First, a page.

Source: Al Bello/Getty Images North America
In some ways, having an elite quarterback elicits the same mindset that occurs when people get married. While most single people make an effort to go to the gym and not walk around ensconced in velvet or sweat pants all day, things change when you get married. A level of comfort and security that stems from being married changes the way you operate and approach most things in life. The same thing can happen when you have an elite quarterback who gives your team a level of comfort and security that he’ll be able to make up for many other shortcomings your team may have. This isn’t to say that the Packers defense didn’t play well last year because they knew Rodgers would be throwing for 400 yards and 4 touchdowns every game, or that the Colts intentionally put so much of the burden on Peyton Manning’s shoulders during his tenure in Indianapolis, but it’s easy to see how such confidence in your signal caller could trickle down to the way your team operates.

And if we’ve learned anything from Peyton Manning’s career, Tom Brady’s Super Bowl drought of the last seven years, and the quarterbacks we’ve recently seen re-write history only to come up empty in the postseason, it’s that no matter how good your quarterback is, he needs some margin for error.

Because of how poorly the Packers defense played, Aaron Rodgers had virtually no margin for error in 2011. As everyone saw, when Rodgers had an average day against the Giants in the playoffs (264 yards and 2 TD’s), the Packers were sent home before they knew what hit them. Similarly, because of the way his teams were built in Indianapolis, Peyton Manning could rarely afford an “average” day under center, even when his average days under center were better than most.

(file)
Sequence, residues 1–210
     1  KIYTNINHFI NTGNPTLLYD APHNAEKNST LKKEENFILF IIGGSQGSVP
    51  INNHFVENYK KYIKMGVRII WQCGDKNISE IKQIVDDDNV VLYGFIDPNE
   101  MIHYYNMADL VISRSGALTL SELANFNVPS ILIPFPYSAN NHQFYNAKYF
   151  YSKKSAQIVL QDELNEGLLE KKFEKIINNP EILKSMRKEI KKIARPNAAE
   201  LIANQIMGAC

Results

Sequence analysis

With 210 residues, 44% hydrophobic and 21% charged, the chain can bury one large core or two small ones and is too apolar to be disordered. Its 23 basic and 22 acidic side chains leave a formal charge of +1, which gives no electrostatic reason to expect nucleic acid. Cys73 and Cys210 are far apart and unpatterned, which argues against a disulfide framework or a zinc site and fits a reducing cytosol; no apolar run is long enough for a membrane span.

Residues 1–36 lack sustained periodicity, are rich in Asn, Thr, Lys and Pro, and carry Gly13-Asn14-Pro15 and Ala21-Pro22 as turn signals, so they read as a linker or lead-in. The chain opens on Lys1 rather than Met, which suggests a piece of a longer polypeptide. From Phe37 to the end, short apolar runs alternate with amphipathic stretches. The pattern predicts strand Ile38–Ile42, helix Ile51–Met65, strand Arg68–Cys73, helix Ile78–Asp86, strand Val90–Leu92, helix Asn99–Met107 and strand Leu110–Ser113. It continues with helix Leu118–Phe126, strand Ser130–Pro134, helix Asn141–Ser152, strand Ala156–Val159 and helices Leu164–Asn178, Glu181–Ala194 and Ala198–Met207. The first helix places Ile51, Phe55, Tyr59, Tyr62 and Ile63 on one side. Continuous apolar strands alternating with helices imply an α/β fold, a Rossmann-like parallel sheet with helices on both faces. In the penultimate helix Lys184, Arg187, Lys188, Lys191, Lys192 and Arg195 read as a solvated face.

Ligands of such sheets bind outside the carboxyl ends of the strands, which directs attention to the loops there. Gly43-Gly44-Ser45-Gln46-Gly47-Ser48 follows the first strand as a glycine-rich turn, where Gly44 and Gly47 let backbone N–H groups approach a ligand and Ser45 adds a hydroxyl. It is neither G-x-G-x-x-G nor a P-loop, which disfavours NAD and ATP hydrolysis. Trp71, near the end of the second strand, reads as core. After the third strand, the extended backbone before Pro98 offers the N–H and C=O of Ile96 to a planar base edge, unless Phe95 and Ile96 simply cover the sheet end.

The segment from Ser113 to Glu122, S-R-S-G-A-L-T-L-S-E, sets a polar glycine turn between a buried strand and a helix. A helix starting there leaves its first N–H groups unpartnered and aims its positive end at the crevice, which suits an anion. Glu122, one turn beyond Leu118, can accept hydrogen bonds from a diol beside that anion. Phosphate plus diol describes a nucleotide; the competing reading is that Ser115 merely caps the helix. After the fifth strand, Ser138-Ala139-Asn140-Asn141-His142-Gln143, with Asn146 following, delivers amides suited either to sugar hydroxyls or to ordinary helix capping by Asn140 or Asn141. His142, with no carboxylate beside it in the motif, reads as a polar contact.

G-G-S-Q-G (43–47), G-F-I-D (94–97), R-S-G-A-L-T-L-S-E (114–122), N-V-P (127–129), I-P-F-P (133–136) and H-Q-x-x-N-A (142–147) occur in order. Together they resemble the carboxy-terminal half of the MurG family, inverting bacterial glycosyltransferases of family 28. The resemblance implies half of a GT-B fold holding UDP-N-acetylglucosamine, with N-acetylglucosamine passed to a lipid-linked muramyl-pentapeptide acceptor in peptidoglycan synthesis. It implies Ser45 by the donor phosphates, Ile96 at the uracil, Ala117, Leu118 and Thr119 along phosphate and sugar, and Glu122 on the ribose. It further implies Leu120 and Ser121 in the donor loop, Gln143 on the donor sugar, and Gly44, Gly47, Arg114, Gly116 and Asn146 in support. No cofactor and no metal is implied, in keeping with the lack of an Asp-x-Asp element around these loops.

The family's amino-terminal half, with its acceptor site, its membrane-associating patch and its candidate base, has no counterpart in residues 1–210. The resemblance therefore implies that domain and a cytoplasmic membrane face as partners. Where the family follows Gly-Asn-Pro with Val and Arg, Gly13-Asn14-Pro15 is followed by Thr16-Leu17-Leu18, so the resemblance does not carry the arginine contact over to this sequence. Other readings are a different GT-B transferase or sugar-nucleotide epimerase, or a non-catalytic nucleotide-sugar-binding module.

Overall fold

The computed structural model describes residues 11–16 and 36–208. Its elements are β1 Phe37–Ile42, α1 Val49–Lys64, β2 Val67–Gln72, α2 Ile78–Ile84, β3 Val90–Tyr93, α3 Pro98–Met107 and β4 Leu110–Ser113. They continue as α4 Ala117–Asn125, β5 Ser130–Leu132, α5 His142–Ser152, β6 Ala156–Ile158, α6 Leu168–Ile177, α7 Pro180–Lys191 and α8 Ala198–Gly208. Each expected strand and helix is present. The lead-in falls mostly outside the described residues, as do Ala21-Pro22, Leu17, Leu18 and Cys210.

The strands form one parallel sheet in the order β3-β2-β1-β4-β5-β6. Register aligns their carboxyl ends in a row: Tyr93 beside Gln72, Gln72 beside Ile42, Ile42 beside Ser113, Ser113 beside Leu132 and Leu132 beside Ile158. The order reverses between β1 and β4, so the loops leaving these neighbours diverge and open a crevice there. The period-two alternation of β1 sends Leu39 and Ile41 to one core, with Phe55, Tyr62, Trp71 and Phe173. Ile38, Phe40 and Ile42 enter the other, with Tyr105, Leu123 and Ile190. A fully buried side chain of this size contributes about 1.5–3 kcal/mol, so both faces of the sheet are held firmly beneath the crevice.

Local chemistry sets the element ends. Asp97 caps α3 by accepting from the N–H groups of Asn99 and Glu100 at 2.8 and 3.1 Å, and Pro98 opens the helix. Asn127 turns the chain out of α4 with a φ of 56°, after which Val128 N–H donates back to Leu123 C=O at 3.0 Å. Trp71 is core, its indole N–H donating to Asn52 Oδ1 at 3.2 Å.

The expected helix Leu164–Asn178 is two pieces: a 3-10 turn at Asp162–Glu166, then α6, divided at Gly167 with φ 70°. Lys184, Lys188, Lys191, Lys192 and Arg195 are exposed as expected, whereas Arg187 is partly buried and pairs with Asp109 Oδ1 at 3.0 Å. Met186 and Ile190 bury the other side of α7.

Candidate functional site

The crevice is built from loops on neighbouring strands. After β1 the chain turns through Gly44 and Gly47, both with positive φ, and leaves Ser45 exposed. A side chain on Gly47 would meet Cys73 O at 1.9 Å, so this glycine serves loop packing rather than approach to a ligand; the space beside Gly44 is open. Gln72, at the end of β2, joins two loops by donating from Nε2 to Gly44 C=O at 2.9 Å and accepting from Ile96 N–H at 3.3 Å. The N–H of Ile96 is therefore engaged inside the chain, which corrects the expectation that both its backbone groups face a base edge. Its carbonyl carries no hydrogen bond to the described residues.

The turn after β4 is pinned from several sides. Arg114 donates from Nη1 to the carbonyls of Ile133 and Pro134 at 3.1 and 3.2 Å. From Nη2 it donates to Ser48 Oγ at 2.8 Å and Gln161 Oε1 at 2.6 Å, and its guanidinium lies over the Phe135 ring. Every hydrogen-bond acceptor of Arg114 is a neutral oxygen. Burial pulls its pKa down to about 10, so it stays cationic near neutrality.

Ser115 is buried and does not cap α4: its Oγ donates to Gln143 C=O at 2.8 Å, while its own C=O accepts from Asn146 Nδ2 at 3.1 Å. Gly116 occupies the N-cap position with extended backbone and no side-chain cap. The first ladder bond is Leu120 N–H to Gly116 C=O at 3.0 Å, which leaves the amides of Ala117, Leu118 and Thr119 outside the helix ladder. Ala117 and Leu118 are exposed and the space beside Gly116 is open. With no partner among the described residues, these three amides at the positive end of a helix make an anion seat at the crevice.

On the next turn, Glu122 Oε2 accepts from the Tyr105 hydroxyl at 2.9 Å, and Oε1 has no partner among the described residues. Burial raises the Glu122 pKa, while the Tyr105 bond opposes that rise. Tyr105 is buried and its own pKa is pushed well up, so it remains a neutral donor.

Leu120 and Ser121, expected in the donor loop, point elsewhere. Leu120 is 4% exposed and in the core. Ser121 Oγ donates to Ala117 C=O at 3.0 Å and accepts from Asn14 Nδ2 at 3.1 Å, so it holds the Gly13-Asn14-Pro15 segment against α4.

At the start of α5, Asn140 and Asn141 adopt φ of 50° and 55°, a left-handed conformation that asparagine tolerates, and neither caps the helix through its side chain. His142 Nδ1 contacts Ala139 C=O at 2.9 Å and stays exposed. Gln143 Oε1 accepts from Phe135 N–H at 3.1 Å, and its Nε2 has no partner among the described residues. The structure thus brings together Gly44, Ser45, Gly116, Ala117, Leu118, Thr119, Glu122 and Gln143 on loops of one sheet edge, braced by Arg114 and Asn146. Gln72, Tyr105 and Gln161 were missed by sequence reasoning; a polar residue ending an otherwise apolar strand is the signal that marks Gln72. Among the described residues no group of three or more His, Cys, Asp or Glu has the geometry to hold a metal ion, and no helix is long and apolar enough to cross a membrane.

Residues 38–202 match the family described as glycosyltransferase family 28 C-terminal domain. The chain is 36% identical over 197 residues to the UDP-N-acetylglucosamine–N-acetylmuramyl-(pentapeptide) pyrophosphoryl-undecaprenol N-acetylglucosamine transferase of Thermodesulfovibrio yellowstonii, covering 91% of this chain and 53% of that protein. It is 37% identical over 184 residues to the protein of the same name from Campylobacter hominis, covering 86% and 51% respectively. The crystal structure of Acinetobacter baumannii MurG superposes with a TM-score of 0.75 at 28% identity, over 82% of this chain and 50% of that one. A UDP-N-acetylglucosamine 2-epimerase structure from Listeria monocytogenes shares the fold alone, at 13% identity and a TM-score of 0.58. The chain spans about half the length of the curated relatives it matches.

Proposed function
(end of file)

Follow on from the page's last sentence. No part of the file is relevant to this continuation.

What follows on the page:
As amazing as Eli’s 2011 season was, the thing many people may be overlooking is that the Giants consistently found themselves in a position that required their quarterback to lead game-winning drives late in the fourth quarter. The fact that Eli was able to engineer a record-setting number of late game comebacks is certainly impressive, but at the same time, it’s somewhat alarming because it means he NEEDED to engineer a record setting number of late game comebacks. The same modus operandi of “Rely on Eli” reared its ugly head in the Giants Week 1 loss to the Cowboys, and for the first time in a long time, he couldn’t overcome a defense that allowed 433 total yards, and a running game that was decent, but not good enough.

The Giants were struggling with a number of injuries in that game, and I’m doing my best not to be "that guy" who says the sky is falling after four quarters of football. At the same time, based on the way they played last year and during their first game of 2012, the Giants have clearly fallen into the trap of relying on their elite quarterback to constantly make up for other shortcomings, and at some point, this will catch up with them.

If the Giants don’t have a successful 2012 season, it won’t be because of a Super Bowl hangover, food poisoning, the beds they're sleeping in, or any other manufactured excuse. It will be because they’re relying too heavily on Eli Manning to consistently bring them from behind when the rest of the team has underachieved for long stretches of a given game (Eli has been guilty of underachieving at times as well). It worked out for the Giants last season and led them to another Super Bowl victory, but it’s not a sustainable way to win in the NFL.